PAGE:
When a bill is introduced in Congress, it is assigned a number, labeled with a sponsorís name, and sent to the government printing office. Then the bill is referred by the Speaker of the House or the presiding officer in the Senate to committee. This is where the real work begins. The Daily Kos Community of bloggers has embarked on an ambitious project to monitor what goes on in these committees.
It is while a bill is in committee that it can face many changes or even be killed. Committees have been a part of Congress since its beginning in 1789, but the committee process that exists today grew out of the Legislative Reorganization act of 1946. The role of committees and sub committees is to gather information, compare and evaluate legislative alternatives, identify problems, propose solutions, markup bills and produce reports. There are three types of committees, standing, select and joint. The standing committees are permanent. Their roles are defined by the chamber rules. In addition to recommending bills for consideration, they have oversight and funding responsibilities. Select committees can be permanent or temporary and are established by the parent chamber. A select committee is established when its subject mater is beyond the scope of the standing committee, or to conduct investigations and studies. Joint committees, made up of members from both houses, tend to be permanent and conduct studies and housekeeping duties rather than consider measures.
The power within a committee is centralized within the Chair. The respective parties assign members to committees. About 2,000 aides provide professional, administrative and clerical support to the committees. Committee form subcommittees and assign specific tasks to the subcommittees. When a measure is assigned to a committee, the committee is not required to act on it and the measure may not come to the floor for a vote without some action or consideration by the committee. The selection of a measure, the modification through the amendment process, makes a position on the committee a very powerful position.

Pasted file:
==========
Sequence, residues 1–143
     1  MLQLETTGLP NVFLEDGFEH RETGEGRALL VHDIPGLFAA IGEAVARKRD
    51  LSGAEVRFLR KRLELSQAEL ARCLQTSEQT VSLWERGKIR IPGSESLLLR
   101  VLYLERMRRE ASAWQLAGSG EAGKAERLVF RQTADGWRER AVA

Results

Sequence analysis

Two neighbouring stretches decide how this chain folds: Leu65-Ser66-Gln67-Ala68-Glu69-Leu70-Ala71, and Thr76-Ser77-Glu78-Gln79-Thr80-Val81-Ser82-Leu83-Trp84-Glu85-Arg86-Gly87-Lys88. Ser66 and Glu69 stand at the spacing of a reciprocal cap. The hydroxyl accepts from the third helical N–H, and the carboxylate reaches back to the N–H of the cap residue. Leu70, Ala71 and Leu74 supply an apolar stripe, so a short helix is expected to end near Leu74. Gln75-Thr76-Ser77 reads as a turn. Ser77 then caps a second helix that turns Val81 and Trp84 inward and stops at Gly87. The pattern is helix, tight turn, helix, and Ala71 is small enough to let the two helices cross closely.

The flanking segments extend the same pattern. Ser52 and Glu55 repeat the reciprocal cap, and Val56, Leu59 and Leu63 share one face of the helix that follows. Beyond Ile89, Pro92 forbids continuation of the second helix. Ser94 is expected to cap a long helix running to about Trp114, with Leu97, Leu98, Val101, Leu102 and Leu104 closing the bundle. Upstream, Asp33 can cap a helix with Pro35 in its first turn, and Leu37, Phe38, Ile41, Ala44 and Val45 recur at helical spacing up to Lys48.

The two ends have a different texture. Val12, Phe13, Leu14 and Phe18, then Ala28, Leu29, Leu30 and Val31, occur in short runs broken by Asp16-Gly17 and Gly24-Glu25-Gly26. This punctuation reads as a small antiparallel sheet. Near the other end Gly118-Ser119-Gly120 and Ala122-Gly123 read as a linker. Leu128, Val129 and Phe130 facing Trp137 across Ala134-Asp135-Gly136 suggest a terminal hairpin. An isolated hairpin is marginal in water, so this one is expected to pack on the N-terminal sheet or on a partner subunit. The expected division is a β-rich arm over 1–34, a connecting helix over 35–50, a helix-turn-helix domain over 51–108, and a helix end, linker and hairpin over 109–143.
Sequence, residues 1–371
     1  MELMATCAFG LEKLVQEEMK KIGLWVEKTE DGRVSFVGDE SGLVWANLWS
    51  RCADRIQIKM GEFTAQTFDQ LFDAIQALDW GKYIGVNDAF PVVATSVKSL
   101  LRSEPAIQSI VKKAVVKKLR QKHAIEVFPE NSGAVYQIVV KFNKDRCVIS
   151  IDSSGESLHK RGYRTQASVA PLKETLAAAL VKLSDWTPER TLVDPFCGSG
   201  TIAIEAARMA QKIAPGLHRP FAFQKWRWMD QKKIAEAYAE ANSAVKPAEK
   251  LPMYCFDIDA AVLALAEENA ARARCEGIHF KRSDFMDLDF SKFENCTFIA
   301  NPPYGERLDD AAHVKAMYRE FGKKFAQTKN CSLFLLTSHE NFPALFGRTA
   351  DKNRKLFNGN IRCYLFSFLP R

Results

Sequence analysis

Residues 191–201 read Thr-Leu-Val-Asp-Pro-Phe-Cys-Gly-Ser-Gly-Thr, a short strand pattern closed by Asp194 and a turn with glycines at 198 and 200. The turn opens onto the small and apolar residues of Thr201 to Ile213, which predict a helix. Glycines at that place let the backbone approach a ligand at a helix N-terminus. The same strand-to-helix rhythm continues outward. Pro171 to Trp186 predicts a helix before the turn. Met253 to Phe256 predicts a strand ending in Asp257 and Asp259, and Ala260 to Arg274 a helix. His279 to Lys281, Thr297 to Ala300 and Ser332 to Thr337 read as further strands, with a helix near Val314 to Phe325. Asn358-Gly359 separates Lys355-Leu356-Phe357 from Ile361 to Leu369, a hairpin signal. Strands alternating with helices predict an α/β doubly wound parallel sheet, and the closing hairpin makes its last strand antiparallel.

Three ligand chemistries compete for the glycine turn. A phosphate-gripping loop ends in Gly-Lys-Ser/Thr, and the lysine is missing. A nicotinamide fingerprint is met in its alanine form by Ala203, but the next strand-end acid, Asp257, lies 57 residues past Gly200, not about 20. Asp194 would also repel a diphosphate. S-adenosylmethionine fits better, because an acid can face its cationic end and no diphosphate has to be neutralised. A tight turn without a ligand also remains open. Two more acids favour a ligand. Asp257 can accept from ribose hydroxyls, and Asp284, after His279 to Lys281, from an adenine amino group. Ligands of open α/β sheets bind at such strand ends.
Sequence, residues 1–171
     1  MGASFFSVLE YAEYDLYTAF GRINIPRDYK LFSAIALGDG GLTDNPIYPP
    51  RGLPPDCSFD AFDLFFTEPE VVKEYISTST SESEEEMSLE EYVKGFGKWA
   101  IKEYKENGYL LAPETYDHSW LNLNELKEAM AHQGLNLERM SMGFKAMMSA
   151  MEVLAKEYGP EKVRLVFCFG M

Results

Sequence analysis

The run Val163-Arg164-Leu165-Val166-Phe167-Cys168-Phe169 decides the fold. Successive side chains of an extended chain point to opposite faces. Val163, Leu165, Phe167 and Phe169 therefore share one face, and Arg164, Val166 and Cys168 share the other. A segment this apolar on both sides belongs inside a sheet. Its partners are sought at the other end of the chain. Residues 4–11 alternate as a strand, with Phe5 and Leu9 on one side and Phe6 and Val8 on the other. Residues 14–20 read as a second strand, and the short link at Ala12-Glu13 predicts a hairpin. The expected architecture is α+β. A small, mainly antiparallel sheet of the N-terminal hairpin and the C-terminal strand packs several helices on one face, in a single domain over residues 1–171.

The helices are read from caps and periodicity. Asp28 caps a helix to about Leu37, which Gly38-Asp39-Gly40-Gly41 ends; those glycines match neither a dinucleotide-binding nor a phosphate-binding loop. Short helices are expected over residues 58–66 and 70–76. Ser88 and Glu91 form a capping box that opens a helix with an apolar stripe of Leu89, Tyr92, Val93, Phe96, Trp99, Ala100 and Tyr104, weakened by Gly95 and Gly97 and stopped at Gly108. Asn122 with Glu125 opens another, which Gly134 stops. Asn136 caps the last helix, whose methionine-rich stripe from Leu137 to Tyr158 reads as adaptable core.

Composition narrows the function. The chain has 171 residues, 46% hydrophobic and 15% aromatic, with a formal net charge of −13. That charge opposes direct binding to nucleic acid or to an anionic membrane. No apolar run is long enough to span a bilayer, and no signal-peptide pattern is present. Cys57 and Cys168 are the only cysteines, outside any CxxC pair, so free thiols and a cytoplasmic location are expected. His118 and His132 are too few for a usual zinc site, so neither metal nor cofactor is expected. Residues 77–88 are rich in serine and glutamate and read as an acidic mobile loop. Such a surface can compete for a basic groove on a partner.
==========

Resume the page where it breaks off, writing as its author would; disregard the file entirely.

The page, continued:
When a committee is considering a measure, it often seeks comment from the relevant executive agency. It will solicit testimony from experts and the public in the form of hearings. Following hearing the committee will frequently schedule a markup meeting to cleanup a bill and modify it to attract broader support. Following the markup meeting the committee reports the bill with any changes and recommendations. Much of the committee process occurs without public or mainstream media scrutiny.
The Daily Kos community would like to monitor the committee process and draw attention to verifiable issues that might be missed by the blogging community. To achieve this they have set up a project that would allow citizen volunteers to choose to monitor a specific committee and report on issues. Volunteers are asked to brush up on their knowledge of how the legislature functions and to learn as much about the committee or subcommittee they are monitoring. To learn the membership, history, jurisdiction, schedule, meeting places and transcript policy of the committee, to identify major sources of information on the committee. This will be an ambitious project with hundreds of volunteers monitoring the actions of the committees. Blogger Greenflex said in his Daily Kos diary that, ďA spread out, amateur press is always superior to a centralized corporate one, right? Here is our chance to put a magnifying glass right over, and I mean directly over our elected representatives.Ē This is a unique opportunity for citizens to engage directly in their civic duty to provide oversight of their elected officials.